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Difference between revisions of "Todd Staples"

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|Appointed by =
|Appointed by =
|First elected = November 5, 2007
|First elected = November 5, 2007
|Term limits =
|Term limits =[[State executives with term limits|None]]
|Next election =[[Texas down ballot state executive elections, 2014|November 4, 2014]]
|Next election =[[Texas down ballot state executive elections, 2014|November 4, 2014]]
|Prior office =[[Texas State Senate]]
|Prior office =[[Texas State Senate]]

Revision as of 10:13, 19 September 2013

Todd Staples
Todd Staples.jpg
Texas Agriculture Commissioner
In office
2007 - Present
Term ends
Years in position 8
PredecessorSusan Combs (R)
Base salary$137,500
Elections and appointments
Last electionNovember 2, 2010
First electedNovember 5, 2007
Next generalNovember 4, 2014
Campaign $$10,529,467
Term limitsNone
Prior offices
Texas State Senate
2001 – 2007
Texas House of Representatives
1995 – 2001
Bachelor'sTexas A&M University
Date of birthNovember 13, 1957
Office website
Campaign website
Todd Staples (b. August 24, 1963) is the 11th and current Texas Commissioner of Agriculture. Staples, a Republican, assumed office in 2007 and won a second term in November 2010.[1]


Staples served on the non-partisan Palestine City Council from 1989 to 1991. He was elected to the Texas House of Representatives in a special election to replace Elton Bomer, who had been appointed state insurance commissioner by Governor George W. Bush. In 2000, Staples entered the race for the Texas Senate seat vacated by Drew Nixon. Staples was unopposed for the Republican nomination for Agriculture Commissioner in 2006 when the incumbent Susan Combs was elected state Comptroller.[2]


  • Texas A&M University, B.S., Agricultural Economics (1984)

Political Career

Texas Commissioner of Agriculture (2007-present)

Staples has served as Texas Commissioner of Agriculture since 2007. He was first elected in 2006 and re-elected in 2010.

Texas State Senator (2001-2007)

Texas State Representative (1995-2001)

Mayor Pro Tempore, City of Palestine, Texas (1990-1991)

Council Member, City of Palestine, Texas (1989-1991)



See also: Texas lieutenant gubernatorial election, 2014

2013 Todd Staples for Lt. Gov. ad

Staples ran for Lieutenant Governor of Texas in the 2014 election.[3][4] The general election took place November 4, 2014.


Staples won re-election in the November 2, 2010 election, defeating Democratic candidate Hank Gilbert and Libertarian Rick Donaldson.[5]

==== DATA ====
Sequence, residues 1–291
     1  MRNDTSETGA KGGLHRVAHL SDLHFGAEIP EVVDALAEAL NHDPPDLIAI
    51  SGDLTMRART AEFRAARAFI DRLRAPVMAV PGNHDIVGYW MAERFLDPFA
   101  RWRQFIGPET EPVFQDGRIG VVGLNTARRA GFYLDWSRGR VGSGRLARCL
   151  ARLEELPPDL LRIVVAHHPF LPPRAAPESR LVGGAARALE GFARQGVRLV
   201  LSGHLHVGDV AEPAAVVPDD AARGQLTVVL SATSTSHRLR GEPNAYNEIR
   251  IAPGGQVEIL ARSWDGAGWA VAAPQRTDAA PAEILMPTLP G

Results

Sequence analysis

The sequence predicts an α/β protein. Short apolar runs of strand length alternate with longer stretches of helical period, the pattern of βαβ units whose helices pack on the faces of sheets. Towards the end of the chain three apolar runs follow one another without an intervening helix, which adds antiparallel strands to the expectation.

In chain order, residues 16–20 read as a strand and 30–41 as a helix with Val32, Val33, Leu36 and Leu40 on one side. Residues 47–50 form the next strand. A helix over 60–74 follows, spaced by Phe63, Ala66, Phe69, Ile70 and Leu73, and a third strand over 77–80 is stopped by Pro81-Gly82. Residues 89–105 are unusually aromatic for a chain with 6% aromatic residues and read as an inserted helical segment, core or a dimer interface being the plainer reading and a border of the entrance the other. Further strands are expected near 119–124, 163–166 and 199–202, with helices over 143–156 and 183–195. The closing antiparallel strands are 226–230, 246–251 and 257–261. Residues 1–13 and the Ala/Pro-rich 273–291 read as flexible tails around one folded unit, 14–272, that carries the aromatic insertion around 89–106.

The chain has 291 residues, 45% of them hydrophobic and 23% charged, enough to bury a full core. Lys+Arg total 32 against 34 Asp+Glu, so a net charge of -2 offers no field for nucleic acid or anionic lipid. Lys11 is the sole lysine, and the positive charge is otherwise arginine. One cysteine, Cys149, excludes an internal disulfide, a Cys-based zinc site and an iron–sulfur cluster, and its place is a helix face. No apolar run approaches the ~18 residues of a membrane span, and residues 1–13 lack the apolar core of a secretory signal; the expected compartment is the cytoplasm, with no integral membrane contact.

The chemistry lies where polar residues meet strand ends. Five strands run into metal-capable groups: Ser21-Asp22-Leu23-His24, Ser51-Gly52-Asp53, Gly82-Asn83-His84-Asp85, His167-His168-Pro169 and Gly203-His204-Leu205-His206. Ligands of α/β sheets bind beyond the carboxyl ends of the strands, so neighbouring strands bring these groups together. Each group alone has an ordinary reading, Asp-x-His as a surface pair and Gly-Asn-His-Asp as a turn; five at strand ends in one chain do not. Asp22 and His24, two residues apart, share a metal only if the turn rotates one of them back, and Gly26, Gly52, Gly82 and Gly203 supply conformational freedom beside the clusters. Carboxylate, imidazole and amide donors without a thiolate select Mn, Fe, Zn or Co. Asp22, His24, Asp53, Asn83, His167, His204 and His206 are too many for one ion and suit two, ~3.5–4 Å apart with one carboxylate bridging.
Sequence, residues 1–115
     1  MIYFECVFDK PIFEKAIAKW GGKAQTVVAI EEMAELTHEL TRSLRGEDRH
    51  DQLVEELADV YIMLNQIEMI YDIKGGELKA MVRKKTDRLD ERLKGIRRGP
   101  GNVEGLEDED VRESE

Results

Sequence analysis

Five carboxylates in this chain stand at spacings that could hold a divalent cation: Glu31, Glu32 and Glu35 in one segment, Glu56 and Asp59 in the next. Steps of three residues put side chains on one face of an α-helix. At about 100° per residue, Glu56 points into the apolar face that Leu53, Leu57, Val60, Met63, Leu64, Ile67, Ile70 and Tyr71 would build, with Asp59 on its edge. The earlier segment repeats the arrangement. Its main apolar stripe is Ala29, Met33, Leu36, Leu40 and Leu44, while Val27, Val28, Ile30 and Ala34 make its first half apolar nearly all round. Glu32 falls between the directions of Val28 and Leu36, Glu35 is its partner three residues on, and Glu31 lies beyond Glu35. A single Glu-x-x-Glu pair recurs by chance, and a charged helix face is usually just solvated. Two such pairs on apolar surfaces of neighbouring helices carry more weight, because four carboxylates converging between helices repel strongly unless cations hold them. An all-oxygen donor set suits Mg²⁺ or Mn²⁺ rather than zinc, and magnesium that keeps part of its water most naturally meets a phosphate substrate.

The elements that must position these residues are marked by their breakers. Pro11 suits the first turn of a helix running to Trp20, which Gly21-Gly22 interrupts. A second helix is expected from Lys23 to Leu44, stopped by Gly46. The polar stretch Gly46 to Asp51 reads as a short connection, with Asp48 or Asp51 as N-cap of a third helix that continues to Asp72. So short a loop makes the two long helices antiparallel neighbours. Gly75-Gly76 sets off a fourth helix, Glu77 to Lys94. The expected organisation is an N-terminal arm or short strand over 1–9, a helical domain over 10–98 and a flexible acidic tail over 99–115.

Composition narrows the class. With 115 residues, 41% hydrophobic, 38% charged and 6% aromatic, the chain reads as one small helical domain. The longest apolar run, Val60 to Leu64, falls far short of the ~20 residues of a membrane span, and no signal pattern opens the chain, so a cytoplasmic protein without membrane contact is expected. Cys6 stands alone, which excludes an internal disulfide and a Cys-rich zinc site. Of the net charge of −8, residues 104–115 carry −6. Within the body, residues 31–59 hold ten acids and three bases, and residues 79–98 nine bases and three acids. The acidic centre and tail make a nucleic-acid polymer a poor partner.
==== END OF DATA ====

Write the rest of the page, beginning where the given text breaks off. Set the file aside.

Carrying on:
Texas Commissioner of Agriculture, 2010
Party Candidate Vote % Votes
     Republican Green check mark transparent.pngTodd Staples Incumbent 60.8% 2,953,775
     Democratic Hank Gilbert 35.8% 1,738,456
     Libertarian Rick Donaldson 3.4% 164,035
Total Votes 4,856,266
Election Results via Texas Secretary of State

Campaign donors

Comprehensive donor information for Staples is available dating back to 1998. Based on available campaign finance records, Staples raised a total of $10,529,467 during that time period. This information was last updated on May 9, 2013.[6]

Todd Staples's Campaign Contribution History
Year Office Result Contributions
2012 TX Agriculture Commissioner Not up for election $1,840,235
2010 TX Agriculture Commissioner Won $1,742,941
2008 TX Agriculture Commissioner Not up for election $496,543
2006 TX Agriculture Commissioner Won $2,207,928
2004 TX State Senate Not up for election $390,211
2002 TX State Senate Won $348,999
2000 TX State Senate Won $3,447,376
1998 TX House of Representatives Won $55,234
Grand Total Raised $10,529,467


Ballotpedia collects information on campaign donors for each year in which a candidate or incumbent is running for election. The following table offers a breakdown of Todd Staples's donors each year.[7] Click [show] for more information.


Staples grew up in Palestine, TX. He graduated from Palestine High School as an active member of the Future Farmers of America. He owned a nursery business and a real estate business. He is also a former instructor at Trinity Valley Community College. Staples and his wife, Janet, have four grown children and three grandchildren.[2]

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See also

External links

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Political offices
Preceded by
Texas House of Representatives
Succeeded by
Preceded by
Texas State Senate
Succeeded by
Preceded by
Susan Combs (R)
Texas Commissioner of Agriculture
Succeeded by